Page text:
1-2 Exploring Behavior in Novel Environment

Anxiety is also evaluated using by exploring behaviors in rodents without punishment like the shocks in the conflict test. We experimentally make ethologically similar environment in rodents as we feel anxiety and observe their exploring behaviors first in this environment, which is developed as the animal model for anxiety in rodents. In such methods we can also consider that rats and mice are in conflict between desire to exploration and fear of the environment experimentally set.

1-2-1 Elevated Plus-Maze

Lafayette elevated plus-maze
A photo cited from Lafayette Instrument

We generally feel much fear to walk on a balance beam. We will feel the fear to fall because we must move on a high and unstable place without any grip. The similar circumstances are set to measure anxiety in rodents, which is called as an elevated plus-maze test. The maze consisting of enclosed arms and open arms which are crossed as shown in the picture is placed high from a floor. Rodents are thought to feel fear on the open arms similar as we feel on the balance beam and actually they almost spend in the enclosed arms and sometime enter into the open arms. A number of entries into and time spent in the open arms are measured as indices of anxiety (5). This maze is remarkable at a point that enclosed arms as well as open arms like a balance beam are simultaneously set, by which we can evaluate anxiety by objective parameters such as time spent and a number of entries. Because rodents are thought to feel fear falling to a floor, the fear may decrease if open arms are widen and possibility to fall decreases (6). Therefore, we must prepare the different mazes in a size for mice and rats that are different in their body size.

Mice and rats must cross a central platform to move between enclosed arms and open arms in the elevated-plus maze. The platform has wall edges of enclosed arms and may decrease fear like that in open arms but time spent in the platform is ambiguously left for an analysis of results whether it is open or enclosed. Therefore, the platform was deleted and made an elevated "0"-maze (7). A circular arm like a "0" shape is divided into quarters. Walls are alternately set in two parts as enclosed arms and the others are open arms. In the "0"-maze rodents must cross the open arm to move the enclosed arm from another enclosed arm.

In the elevated-plus maze test we can manually measure the parameters, time spent and a number of entries, with a stopwatch. An experimenter should do the best not to disturb environments of an experimental room (always sit in the same place and observe quietly) for the better results. Video recording and remote observation of the video are possible. Video-tracking software for PC analysis of the elevated-plus maze and automatic measurement of parameters by infrared beam sensors are also available. Automatic measuring devices are useful but we must observe rodents in measurement because they may fall into a floor, especially by effects of anxiolytics such as benzodiazepines.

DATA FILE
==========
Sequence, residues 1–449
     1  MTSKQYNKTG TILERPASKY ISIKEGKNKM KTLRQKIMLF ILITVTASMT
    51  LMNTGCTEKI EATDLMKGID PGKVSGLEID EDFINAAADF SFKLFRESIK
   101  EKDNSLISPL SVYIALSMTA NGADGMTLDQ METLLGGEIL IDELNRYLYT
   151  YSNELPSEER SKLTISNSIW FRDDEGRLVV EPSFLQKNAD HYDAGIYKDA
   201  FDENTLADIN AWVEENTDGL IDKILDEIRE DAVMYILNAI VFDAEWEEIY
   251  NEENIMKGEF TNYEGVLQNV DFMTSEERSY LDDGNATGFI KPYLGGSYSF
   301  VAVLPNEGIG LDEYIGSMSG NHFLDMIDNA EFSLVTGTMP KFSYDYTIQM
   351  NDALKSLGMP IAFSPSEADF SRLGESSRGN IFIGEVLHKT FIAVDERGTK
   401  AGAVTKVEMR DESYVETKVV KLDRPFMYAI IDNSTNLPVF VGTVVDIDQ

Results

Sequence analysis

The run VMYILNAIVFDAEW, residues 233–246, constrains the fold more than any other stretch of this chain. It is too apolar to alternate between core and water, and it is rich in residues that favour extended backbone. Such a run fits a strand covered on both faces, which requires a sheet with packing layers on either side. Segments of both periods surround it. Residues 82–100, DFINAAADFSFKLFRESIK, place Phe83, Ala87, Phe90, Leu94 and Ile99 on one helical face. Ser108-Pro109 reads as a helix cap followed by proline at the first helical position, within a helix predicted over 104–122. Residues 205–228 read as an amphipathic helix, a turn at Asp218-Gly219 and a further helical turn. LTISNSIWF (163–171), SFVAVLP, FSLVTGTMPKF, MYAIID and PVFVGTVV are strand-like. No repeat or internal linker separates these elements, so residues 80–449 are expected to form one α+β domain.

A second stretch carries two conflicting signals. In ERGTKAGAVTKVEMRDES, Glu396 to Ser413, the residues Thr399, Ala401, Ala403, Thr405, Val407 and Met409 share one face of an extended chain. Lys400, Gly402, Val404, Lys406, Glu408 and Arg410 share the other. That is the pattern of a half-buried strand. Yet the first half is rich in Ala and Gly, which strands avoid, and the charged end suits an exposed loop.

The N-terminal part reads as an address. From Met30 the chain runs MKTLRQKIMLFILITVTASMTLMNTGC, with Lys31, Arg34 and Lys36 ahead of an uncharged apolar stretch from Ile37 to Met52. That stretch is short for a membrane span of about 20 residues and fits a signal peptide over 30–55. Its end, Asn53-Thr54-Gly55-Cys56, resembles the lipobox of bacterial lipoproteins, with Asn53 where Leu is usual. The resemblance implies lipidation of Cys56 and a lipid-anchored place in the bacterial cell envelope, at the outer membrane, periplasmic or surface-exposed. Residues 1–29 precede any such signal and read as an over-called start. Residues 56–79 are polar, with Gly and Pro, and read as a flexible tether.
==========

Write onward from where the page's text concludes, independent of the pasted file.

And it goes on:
1-2-2 Light/dark Test

We feel fear in complete darkness and will look for a light place. Because mice and rats, nocturnal animals, are active in a dark period and sedative in a light period, they are thought to prefer a dark place and feel anxiety in a light place in contrast with our human. We prepare a light/dark box, a cage of which light and dark compartments are connected each other, and observe behaviors in rodents in the box to measure time spent and locomotion in an each compartment and crossings between the both compartments (shuttle crossings) as parameters of anxiety. It is called as a light/dark test and originally reported in mice (8). Mice are observed much exploration behaviors in their novel environment and the light/dark test are usually conducted in mice. The test in rats also reported (9) but there is a demerit that the light/dark box for rats becomes large size.

Time spent and locomotion in the each compartment and shuttle crossings are generally measured in rodents in the light/dark box in which they can freely move the both compartments. Anxiolytics increase exploring behaviors in the light compartment and therefore increase time spent and locomotion in the light compartment and shuttle crossings. Conversely, we can observe that anxiogenics decrease them. Because we can evaluate anxiety by time spent in the light compartment and shuttle crossings, theoretically can measure with a stopwatch same as the elevated plus-maze. However, correct manual measurement is difficult since mice move faster in the light/dark test than on the maze. We usually conduct the light/dark test with an automatic measuring device for time spent in the each compartment which can also measure locomotion and shuttle crossings automatically (10).

1-2-3 Social Interaction Test